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Sebastopol resident Paul Esparza earns $11.65 an hour for his work as an in-home care provider, cooking, cleaning and tending to the daily medical needs of a pair of elderly men and a 38-year-old man who has developmental disabilities.

The pay is barely enough to support Esparza and his three teenage children, leading him to take side jobs to make ends meet.

“We are so underpaid for this kind of work,” said Esparza, 57.

That grievance is at the heart of an escalating debate in Sonoma County, pitting the largest group of county-affiliated contractors and their allies in organized labor against county officials and taxpayer advocates concerned about ballooning public expenses.

Propelled by a growing national movement to address flat wages for a large swath of the working class, local labor activists are redoubling their push for a sweeping pay raise, to $15 an hour, for about 5,500 county-affiliated workers, including nearly 5,000 in-home care workers like Esparza.

The move comes on the heels of the Board of Supervisors recent endorsement for a narrower wage boost, which would raise pay to $13 an hour for 560 people employed under county contracts.

Supervisors balked at broader action covering more workers, including in-home care providers, citing concerns over costs for taxpayers and other budget priorities.

The stance sets up a looming standoff with labor advocates, who are hoping to seize on momentum from other cities and counties across California and the country where proposals to raise pay for low-income workers have surfaced and passed recently.

The issue could be one of the most contentious to come before the Board of Supervisors next year.

Activists say the county’s scaled-down living wage measure falls far short.

“I’d call it a huge step backwards,” said Marty Bennett, co-chair of North Bay Jobs with Justice, the nonprofit group leading the call for a broader living wage measure. “This whole issue is growing regionally across the Bay Area and nationally. Our timing is critical.”

But supervisors say they can’t afford to spend millions of dollars a year on pay increases, while advancing other budget priorities including funding universal preschool and fixing the county’s crumbling roads.

“I know that Marty is trying to drum up grassroots support, but I don’t know how we pay for that,” said Supervisor David Rabbitt, the board chairman. “Pay for in-home care workers is determined by collective bargaining, and that’s probably where it should be.”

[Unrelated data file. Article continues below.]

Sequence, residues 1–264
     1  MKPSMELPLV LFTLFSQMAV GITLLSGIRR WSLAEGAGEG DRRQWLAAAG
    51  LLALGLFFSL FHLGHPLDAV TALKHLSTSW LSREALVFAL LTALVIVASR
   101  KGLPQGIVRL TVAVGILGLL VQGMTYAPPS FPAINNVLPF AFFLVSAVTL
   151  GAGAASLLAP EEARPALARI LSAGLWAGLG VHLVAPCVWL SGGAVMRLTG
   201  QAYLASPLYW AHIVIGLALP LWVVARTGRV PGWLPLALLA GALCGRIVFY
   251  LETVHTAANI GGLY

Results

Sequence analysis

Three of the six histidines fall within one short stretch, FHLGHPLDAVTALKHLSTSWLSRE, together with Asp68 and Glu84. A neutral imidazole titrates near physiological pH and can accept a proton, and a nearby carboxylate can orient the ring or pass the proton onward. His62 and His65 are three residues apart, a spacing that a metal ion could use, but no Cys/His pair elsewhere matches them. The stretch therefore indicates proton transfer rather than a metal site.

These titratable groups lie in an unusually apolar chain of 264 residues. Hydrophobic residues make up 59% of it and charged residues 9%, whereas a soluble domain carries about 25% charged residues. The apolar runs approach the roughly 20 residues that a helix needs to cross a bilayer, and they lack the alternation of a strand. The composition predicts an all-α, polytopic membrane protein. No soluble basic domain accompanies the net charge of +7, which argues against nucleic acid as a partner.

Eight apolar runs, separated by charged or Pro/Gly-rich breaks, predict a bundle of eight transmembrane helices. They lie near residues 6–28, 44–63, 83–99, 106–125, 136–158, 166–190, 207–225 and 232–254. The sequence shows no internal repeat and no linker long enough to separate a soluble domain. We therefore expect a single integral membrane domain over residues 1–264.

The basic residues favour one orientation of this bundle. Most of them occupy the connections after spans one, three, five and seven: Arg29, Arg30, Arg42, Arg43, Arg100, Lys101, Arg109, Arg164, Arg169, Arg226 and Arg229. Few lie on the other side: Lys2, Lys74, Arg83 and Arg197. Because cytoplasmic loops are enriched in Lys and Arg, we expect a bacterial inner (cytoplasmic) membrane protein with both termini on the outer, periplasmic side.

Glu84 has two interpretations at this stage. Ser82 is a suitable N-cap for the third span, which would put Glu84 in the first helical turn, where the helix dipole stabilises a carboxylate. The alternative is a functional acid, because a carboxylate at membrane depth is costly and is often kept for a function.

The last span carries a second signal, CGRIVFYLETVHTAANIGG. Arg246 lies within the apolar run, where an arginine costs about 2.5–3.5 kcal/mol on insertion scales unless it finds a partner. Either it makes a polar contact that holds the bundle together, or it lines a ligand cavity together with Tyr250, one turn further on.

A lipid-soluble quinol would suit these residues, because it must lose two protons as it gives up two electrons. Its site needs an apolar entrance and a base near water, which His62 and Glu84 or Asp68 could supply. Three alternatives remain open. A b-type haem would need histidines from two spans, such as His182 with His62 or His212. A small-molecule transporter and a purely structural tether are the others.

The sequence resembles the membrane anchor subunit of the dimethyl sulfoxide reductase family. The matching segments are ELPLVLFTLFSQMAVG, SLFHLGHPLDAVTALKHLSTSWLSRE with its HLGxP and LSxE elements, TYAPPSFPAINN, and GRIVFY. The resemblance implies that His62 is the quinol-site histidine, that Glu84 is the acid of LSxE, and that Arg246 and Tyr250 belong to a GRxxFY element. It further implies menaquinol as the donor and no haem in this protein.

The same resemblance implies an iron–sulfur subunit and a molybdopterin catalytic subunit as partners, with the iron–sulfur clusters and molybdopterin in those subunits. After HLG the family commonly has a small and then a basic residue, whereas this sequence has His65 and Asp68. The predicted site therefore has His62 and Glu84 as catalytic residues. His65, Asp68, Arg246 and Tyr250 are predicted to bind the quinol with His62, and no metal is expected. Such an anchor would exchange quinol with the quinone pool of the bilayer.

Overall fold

The stagnation of wages over the past decade for low- and middle-income workers has become a key political talking point nationwide, and labor groups have increasingly lobbied local governments to set a higher pay floor for the lowest wage earners.

The high cost of living in the Bay Area has made it a hotbed for such campaigns, and labor-friendly politicians in the region have shown that they are willing to back the pay increases.

“We’re seeing this become very important, and now we have here in the Bay Area the highest wage law that’s been passed in the country,” said Ken Jacobs, chair of the Labor Center at UC Berkeley, referring to Santa Clara County’s recent passage of a $19 per hour living wage. “There are multiple reasons to raise wages, but the core argument is that people who are working hard should earn enough to survive and support their families.”

The debate has sharpened in Sonoma County after votes by San Francisco, Oakland and Marin County to boost minimum wages or pass living wage laws.

In Sonoma County, three cities — Petaluma, Sonoma and Sebastopol — have passed living wage ordinances.

A living wage differs from a minimum wage in that it covers a specific group of workers, and takes into account standards of living, including cost of housing and health care, for example.

Bennett said North Bay Jobs with Justice is looking to Santa Clara — one of the Bay Area’s wealthiest counties — in hopes of replicating their successful campaign.

Santa Clara County supervisors last week passed what is being touted as the most comprehensive living wage law in the country. It sets minimum pay for about 15,000 county contractors at $19.06 per hour, and creates other protections, including more stable hours for part-time workers and bidding preferences for companies whose employees live in Santa Clara County. The new rules apply to about $2.5 billion in county contracts.